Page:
Capital One Records Strong Growth in Auto Lending in 1Q15



Consumer banking segment’s revenue rises 1%

Capital One’s (COF) Consumer Banking segment’s ending loans were up ~1% YoY (year-over-year) in 1Q15, as the growth in auto loans was offset by runoff in the mortgage portfolio. The segment’s auto originations increased ~10% YoY—driven by strong auto sales and the bank’s deepening relationships with its existing dealers.

The Consumer Banking segment’s revenue was up 1% YoY—driven by growth in auto loans. The segment’s revenue was still pressured by the sustained low interest rates on the deposit business, declining mortgage balances, and margin compression in auto loans.

Article continues below advertisement

The bank expects persistently low interest rates to continue to impact returns in deposit businesses, even if interest rates begin to rise in 2015. Capital One forms ~1.5% of the Financial Select Sector SPDR ETF (XLF). The above graph compares the segment’s revenue and net income in the quarter with the previous quarter and the same quarter last year.

Big banks including Bank of America (BAC), Citigroup (C), and Wells Fargo (WFC) declared their quarterly results in the previous week.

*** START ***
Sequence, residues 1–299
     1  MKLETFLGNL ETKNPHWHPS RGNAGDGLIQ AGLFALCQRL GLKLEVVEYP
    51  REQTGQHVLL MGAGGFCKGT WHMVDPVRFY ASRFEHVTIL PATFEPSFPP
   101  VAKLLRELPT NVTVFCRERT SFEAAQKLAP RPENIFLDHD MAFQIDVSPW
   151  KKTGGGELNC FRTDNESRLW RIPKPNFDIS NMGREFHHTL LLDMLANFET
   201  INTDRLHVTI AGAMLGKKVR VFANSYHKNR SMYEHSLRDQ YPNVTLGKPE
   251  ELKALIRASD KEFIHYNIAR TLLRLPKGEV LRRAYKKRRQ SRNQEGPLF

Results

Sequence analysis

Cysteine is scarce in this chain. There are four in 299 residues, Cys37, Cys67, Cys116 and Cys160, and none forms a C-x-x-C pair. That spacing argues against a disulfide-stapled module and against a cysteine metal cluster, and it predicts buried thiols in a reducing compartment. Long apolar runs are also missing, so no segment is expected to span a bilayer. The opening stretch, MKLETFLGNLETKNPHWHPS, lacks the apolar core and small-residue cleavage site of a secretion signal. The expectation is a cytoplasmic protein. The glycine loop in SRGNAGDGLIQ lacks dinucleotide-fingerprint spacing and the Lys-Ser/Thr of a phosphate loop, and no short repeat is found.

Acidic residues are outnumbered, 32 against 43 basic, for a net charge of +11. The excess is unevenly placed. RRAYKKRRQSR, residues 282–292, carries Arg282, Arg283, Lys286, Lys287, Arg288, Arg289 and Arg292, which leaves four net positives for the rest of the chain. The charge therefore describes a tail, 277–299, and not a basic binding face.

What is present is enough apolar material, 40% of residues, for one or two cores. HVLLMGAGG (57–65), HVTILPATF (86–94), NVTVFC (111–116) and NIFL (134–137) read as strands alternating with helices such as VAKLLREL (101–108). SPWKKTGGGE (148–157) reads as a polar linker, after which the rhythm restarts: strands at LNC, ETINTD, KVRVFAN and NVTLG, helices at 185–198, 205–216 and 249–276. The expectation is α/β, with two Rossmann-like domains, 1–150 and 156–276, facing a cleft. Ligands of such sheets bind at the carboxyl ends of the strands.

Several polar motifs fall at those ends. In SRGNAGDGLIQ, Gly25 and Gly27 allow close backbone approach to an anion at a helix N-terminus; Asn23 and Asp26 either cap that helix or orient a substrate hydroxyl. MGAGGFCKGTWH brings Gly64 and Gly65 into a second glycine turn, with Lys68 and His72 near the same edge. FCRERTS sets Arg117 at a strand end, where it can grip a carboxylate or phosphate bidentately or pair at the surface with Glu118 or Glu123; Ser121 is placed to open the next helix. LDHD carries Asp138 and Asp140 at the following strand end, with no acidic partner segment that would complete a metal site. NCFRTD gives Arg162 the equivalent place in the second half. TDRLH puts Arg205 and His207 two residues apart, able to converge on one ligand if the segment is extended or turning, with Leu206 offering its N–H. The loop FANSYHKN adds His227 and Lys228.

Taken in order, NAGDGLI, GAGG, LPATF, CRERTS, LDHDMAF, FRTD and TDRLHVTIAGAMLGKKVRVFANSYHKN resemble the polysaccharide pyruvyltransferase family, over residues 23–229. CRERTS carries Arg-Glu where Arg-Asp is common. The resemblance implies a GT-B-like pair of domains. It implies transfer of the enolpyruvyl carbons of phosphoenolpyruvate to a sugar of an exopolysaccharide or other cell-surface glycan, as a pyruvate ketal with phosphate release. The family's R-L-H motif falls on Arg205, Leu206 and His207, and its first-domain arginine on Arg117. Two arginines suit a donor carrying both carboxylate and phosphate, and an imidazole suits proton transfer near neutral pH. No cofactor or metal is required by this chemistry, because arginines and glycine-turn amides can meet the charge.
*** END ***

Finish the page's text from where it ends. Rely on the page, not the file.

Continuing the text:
Cautious in underwriting

In the quarter, the provision for credit losses grew as growth in auto loans and normalizing auto credit drove an allowance build. Delinquency rates increased in the auto loans segment over the last few quarters. Capital One also recorded slightly higher losses on newer originations. Capital One continues to be cautious on auto industry underwriting, resulting in almost flat subprime originations for nearly two years.

Capital One’s chairman, president, and CEO—Richard D. Fairbank—noted during the earnings call for 1Q15 that, “In the first quarter, we observed increasingly aggressive underwriting practices by some competitors, particularly in subprime. We are losing some contracts to competitors who are making more aggressive underwriting choices.”

The bank plans to continue to pursue opportunities in auto lending, while being cautious. It intends to add new dealers and gain a greater share of prime originations with existing dealers.


More From Market Realist